And for those in China dealing with blogspot and Wikipedia frequently being blocked and un-blocked for no apparent reason, the Lost Laowai blog shows how to set Firefox to automatically get past the Great Firewall.

Tuesday, August 21, 2007

Xintiandi and Shikumen

My last two updates have been about Old Shanghai, its historic Shikumen houses, and Shanghai's not-unwarranted proclivity for tearing them down. An alternative, of sorts, can be found at Shanghai's Xintiandi. It's an area downtown immediate to the major shopping street of Huaihai Lu, and has an interesting history: it's billed as the meeting place of the first Chinese Communist party meeting. So rather than tearing down the historic site to build yet another shopping district, the meeting place was left untouched and the surroundings were converted into something that put the shikumen to a new purpose - an elite shopping center, acting as a dramatic counterpoint to the origin of the Communist party I guess.

I'm a big fan of re-purposing old buildings. It adds character to a city, it's also frequently served as the basis for urban revivals. However with Xintiandi my feelings are mixed. While the basic idea is great, it's also true that shikumen are claustrophobic. A direct conversion of a shikumen would be nothing but small spaces, narrow alleys, and a layout that would make it difficult to casually browse. It would be a little too quirky, some modification is inevitable. However I think Xintiandi took it way too far in the opposite direction, leading to this:

The difference above is obvious, it's impossible to find such wide spaces in a real shikumen. Xintiandi is long and narrow with a very wide pathway in middle, with shops and restaurants on either side. Really the feel is the same as any other outdoor mall in the US, but with a light shikumen motif, with touches such as colored bricks and decorative doors directly off the street. There's nothing wrong with that by itself, and there's plenty of Shikumen being torn down to make way for skyskrapers. On the other hand, Xintiandi bills itself as a restoration rather than a ground-up rebuild, and its success has led to other projects seeking to adopt the same approach to preservation.

But it is financially successful, and particularly popular with Hong Kong tourists. It's the most elite shopping areas in town - and one that few foreign residents of Shanghai particularly care for, because the restaurants are very expensive and often mediocre, and just because it's generally incredibly uncool. Although I did have an excellent if entirely froo-froo meal at the fusion restaurant, T8:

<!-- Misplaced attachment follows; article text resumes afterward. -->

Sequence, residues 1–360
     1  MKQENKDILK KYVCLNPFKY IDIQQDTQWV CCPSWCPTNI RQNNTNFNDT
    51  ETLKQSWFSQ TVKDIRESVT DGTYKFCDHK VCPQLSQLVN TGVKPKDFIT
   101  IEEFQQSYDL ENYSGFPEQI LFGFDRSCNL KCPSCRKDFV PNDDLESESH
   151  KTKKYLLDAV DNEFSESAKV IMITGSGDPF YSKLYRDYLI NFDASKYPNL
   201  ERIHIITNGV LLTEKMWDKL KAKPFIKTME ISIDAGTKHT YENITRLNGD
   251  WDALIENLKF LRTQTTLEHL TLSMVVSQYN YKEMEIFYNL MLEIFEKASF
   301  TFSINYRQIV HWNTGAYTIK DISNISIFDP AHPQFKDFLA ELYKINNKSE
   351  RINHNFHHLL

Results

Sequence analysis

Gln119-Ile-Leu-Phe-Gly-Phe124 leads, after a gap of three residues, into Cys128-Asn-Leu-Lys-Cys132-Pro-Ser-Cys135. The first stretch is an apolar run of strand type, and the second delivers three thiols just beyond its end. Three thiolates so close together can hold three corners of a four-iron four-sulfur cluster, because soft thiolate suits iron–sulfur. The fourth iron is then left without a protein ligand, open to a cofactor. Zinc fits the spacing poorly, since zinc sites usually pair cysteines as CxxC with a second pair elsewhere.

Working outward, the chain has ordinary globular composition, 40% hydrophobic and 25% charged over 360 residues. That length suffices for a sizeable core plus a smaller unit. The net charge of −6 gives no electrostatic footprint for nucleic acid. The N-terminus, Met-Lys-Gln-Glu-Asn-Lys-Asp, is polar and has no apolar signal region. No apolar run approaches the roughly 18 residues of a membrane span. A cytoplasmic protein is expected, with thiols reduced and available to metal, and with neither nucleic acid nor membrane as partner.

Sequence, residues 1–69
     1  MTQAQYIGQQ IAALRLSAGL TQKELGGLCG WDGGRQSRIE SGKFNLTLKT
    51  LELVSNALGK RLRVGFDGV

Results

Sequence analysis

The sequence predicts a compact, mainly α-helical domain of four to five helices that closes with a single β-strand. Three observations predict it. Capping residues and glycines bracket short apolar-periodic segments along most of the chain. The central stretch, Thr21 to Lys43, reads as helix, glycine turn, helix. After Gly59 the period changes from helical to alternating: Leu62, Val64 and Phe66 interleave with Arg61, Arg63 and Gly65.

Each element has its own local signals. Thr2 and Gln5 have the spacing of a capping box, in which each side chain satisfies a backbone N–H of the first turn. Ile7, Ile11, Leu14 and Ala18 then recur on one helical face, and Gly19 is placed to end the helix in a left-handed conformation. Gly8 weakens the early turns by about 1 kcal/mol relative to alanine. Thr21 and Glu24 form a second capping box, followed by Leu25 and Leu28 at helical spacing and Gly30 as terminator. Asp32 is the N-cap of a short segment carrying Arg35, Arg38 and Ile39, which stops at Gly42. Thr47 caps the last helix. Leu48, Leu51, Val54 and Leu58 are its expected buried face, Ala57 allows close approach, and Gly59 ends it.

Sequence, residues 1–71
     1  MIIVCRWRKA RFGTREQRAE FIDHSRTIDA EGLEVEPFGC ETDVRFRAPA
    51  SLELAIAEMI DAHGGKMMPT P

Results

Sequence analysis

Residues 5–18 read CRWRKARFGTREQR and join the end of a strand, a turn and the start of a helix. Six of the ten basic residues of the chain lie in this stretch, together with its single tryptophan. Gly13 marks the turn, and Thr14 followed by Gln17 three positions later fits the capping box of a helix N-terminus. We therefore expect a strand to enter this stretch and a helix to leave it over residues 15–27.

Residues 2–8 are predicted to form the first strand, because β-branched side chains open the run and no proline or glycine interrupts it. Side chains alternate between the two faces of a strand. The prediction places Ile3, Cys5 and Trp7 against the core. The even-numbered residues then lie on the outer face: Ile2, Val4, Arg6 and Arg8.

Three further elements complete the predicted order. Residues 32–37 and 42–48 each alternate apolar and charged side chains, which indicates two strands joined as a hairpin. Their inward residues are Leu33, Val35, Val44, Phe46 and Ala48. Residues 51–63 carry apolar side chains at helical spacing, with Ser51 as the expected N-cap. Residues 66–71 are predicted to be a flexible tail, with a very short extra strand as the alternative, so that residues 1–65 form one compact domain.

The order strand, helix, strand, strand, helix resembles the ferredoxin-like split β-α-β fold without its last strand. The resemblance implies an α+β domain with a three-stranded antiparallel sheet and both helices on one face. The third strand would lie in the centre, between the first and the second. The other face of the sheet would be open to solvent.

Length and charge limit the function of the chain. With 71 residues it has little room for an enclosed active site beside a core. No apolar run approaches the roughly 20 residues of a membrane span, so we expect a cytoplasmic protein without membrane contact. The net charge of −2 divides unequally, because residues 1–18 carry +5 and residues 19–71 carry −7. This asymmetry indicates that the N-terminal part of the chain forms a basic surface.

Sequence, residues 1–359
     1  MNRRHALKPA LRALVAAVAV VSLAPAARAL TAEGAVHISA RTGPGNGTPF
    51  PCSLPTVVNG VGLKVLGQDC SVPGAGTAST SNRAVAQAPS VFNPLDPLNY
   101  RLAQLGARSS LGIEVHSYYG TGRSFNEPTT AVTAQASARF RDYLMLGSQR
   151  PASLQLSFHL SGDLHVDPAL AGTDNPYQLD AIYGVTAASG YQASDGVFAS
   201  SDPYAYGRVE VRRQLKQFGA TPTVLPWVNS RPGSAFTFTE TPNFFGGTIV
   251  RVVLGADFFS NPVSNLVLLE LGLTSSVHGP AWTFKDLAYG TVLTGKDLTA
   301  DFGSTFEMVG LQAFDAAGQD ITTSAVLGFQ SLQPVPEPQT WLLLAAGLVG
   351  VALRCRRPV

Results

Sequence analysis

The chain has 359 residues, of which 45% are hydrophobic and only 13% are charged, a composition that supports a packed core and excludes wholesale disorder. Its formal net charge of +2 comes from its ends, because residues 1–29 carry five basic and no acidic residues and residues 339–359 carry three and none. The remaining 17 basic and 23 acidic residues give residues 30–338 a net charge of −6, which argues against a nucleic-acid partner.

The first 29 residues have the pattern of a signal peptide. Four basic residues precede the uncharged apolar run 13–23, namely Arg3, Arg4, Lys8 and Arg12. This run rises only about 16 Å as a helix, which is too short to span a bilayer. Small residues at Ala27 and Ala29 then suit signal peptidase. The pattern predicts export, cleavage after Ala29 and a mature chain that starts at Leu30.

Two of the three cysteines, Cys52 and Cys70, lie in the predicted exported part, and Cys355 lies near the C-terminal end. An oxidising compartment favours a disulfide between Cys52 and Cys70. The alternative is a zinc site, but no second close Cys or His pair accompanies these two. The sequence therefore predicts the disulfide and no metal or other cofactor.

On an entirely different note, if there's anybody in Shanghai who might be interested in jamming either old-school Hawaiian Music or stupid indie pop, please either leave a response or give me a mail at jeff oaktowncrack com.

Thursday, August 02, 2007

The Fate of Shikumen Districts

This is to follow up on my update about Old Shanghai, and the Shikumen that define the area. A favorite area is in the center of the historical old city, south of Yuyuan Gardens, where a large network of narrow roads and lanes criss-cross haphazardly. It's a dense and confusing jumble, it feels like nowhere else in Shanghai, and it's all getting torn down, inevitably to make way for massive apartment towers like those in the background:

I have mixed opinions. As stated in the last update, I'd never even consider living in a classical shikumen or row house. They're an old style of housing that don't allow for privacy or often even running water. They were built to last a much shorter time than they've actually lasted, and they're relatively low-density housing on incredibly expensive real estate, in a rapidly growing city. At the same time, they have a strong and distinct character, whereas I can almost guarantee that the apartment complex going up will basically be a concrete box, with no real character to it other than a few tacky pseudo-Grecian statues littered about the grounds.

Wandering around the area has an eerie feeling to it. There's piles of debris or shells of houses with only rubble inside, the area feels something like a bomb went off:

The area is being destroyed bit by bit, perhaps it has to do with relocating the current residents. How they are relocated varies, but usually they're given an apartment way the hell out in Pudong somewhere. But there's other schemes, and I've been to modern tony apartment complexes which also have a number of residents who lived on the location before the apartments were built.

Oddly enough, the neighborhoods still seem pretty vital, people hurriedly going about their lives:

But there's reminders that it's temporary, and as on the right, many of the buildings have the character for "demolish" written on the side.